As the Central Bank of Nigeria (CBN) continues to resist calls to devalue the Naira in the face of plunging oil prices, economists and financial experts have warned of dire recession if the situation is not reversed.
CBN governor, Mr. Godwin Emefiele at the apex bank’s Monetary Policy Committee meeting on Tuesday in Abuja, resisted calls for devaluation as capital flight hits Africa’s largest economy.
“There is pressure but there is no way of exerting market discipline on the Nigerian central bank,” Ayodele Salami, who manages about $500 million of African equities as chief investment officer at Duet Asset Management in London, said by phone.
“We need to see a collapse in growth,” he said. “It’s not yet gone into territory where they have to panic. If growth was to be 1 percent or even go negative, I think that would definitely be the key thing that would persuade the central bank to move.”
The economy probably expanded 3 percent last year, the slowest pace since 1999, and is set to grow 4.1 percent in 2016, according to the International Monetary Fund.
The central bank has effectively pegged the naira at 197 to 199 per dollar since March by restricting imports of products from glass to wheelbarrows, halting supply of foreign currency to exchange bureaus and all but shutting down the interbank market with trading limits.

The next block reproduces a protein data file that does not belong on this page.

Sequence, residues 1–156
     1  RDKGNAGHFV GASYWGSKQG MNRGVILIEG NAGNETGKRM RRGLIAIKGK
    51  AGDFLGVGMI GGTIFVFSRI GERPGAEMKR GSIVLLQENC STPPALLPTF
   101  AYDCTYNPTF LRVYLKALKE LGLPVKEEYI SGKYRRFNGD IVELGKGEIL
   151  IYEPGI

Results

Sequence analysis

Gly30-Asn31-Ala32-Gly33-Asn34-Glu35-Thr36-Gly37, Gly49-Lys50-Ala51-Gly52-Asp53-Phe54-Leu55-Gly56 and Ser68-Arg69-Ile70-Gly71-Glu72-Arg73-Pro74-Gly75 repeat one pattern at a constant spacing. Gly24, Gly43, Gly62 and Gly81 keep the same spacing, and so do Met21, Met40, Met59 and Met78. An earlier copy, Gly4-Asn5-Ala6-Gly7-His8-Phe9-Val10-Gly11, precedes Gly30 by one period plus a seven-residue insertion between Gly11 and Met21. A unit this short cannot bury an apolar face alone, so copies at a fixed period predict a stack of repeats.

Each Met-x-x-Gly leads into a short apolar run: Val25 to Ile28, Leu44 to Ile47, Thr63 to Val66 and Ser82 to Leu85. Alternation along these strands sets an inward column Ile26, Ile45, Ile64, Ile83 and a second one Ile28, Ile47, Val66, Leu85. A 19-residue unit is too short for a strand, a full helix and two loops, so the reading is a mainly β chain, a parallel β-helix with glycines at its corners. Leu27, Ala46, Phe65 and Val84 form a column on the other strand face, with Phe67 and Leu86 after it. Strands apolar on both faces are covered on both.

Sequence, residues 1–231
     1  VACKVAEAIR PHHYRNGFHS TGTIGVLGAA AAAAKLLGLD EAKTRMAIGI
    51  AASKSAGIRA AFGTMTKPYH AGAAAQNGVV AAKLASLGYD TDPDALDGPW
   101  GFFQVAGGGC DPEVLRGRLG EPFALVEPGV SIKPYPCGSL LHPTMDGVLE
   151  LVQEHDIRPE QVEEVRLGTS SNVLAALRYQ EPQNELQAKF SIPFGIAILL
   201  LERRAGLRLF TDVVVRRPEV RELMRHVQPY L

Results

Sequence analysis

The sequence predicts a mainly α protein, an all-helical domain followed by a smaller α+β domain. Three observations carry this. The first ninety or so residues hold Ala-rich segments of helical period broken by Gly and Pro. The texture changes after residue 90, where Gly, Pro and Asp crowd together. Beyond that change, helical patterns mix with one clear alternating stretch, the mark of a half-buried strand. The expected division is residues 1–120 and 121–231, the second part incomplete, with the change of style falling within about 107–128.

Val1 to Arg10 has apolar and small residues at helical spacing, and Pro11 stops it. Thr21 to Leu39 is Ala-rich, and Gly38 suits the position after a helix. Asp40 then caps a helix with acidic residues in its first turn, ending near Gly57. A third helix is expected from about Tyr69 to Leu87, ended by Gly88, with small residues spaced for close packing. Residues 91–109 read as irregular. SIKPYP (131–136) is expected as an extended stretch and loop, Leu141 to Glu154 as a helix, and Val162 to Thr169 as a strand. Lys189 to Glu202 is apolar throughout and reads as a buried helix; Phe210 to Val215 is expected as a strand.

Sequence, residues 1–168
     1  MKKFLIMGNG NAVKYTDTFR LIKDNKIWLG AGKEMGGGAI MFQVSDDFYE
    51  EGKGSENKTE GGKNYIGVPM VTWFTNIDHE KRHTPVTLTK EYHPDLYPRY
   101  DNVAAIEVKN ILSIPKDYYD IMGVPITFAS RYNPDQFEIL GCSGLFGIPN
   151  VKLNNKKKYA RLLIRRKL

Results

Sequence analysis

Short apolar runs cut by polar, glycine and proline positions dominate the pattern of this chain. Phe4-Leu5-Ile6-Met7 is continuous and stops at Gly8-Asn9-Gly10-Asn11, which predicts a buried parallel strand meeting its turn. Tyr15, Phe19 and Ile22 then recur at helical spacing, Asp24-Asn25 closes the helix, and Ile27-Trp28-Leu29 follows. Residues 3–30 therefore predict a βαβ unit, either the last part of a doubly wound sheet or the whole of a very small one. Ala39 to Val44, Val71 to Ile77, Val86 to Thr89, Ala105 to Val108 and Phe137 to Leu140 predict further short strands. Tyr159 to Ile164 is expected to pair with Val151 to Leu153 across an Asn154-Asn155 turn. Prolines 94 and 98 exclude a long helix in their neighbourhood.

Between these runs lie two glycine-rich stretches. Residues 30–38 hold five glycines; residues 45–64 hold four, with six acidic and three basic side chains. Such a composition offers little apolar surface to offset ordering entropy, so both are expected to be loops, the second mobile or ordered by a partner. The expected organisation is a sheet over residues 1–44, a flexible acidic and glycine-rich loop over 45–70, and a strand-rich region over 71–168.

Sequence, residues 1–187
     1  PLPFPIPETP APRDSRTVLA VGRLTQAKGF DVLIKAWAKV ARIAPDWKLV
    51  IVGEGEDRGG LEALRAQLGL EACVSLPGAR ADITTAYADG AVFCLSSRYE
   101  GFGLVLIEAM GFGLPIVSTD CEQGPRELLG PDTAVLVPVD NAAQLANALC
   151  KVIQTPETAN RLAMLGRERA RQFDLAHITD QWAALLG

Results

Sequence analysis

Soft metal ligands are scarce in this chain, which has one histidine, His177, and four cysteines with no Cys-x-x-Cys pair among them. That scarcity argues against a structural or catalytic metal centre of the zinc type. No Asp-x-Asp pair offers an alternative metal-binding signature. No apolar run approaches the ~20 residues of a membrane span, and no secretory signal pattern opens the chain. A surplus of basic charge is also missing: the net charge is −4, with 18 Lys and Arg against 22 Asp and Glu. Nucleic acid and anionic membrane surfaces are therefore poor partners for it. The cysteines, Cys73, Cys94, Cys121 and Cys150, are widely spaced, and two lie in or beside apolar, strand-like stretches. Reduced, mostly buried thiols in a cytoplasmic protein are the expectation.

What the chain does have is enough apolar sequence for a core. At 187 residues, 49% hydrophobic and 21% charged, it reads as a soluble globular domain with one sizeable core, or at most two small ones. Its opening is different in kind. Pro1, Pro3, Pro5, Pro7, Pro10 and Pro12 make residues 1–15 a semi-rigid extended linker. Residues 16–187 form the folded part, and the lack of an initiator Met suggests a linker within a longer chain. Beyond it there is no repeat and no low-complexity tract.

While Emefiele on Tuesday acknowledged the need for improving liquidity, he said policy makers were also committed to stability in the naira.
Nigeria has resisted devaluation while oil-producing nations from Angola to Russia and Mexico have let their currencies weaken.
The naira was trading at about 306 per dollar on the black market on Tuesday. Naira forwards soared after Emefiele’s speech, suggesting traders have lowered their expectations of a devaluation. Naira three-month non-deliverable forwards rose to 229.25 per dollar at 6 a.m. on Wednesday in Lagos, the commercial capital, from 250.5 on Tuesday.
“Oil has gone lower than anyone thought it was going to and that didn’t change their mind,” John Ashbourne, an economist at Capital Economics Ltd. in London, said by phone.
A weaker economy “didn’t change their mind, and now you have a huge gap between the parallel market and the official market and that hasn’t changed their mind either,” he said. “I’m not sure what would be the sort of straw that breaks the camel’s back.”
The currency controls have knocked investor confidence, with foreign inflows dropping by 32 percent last year, the Nigerian Stock Exchange said in a report on it’s website on Dec. 19. The benchmark equity index is down 17 percent this year, the worst performer globally after gauges in Shanghai, Saudi Arabia and Hong Kong.
The central bank has favored lowering interest rates to help support growth in the hope that banks will boost lending. The MPC reduced the benchmark rate by 200 basis points to 11 percent in November and kept it unchanged on Tuesday.
The bank “wants to encourage credit and stimulate the economy,” Lanre Buluro, an analyst at Primera Africa Securities Ltd., said by phone from Lagos. “However, I don’t see the banks lending in the near term because of low economic activity.”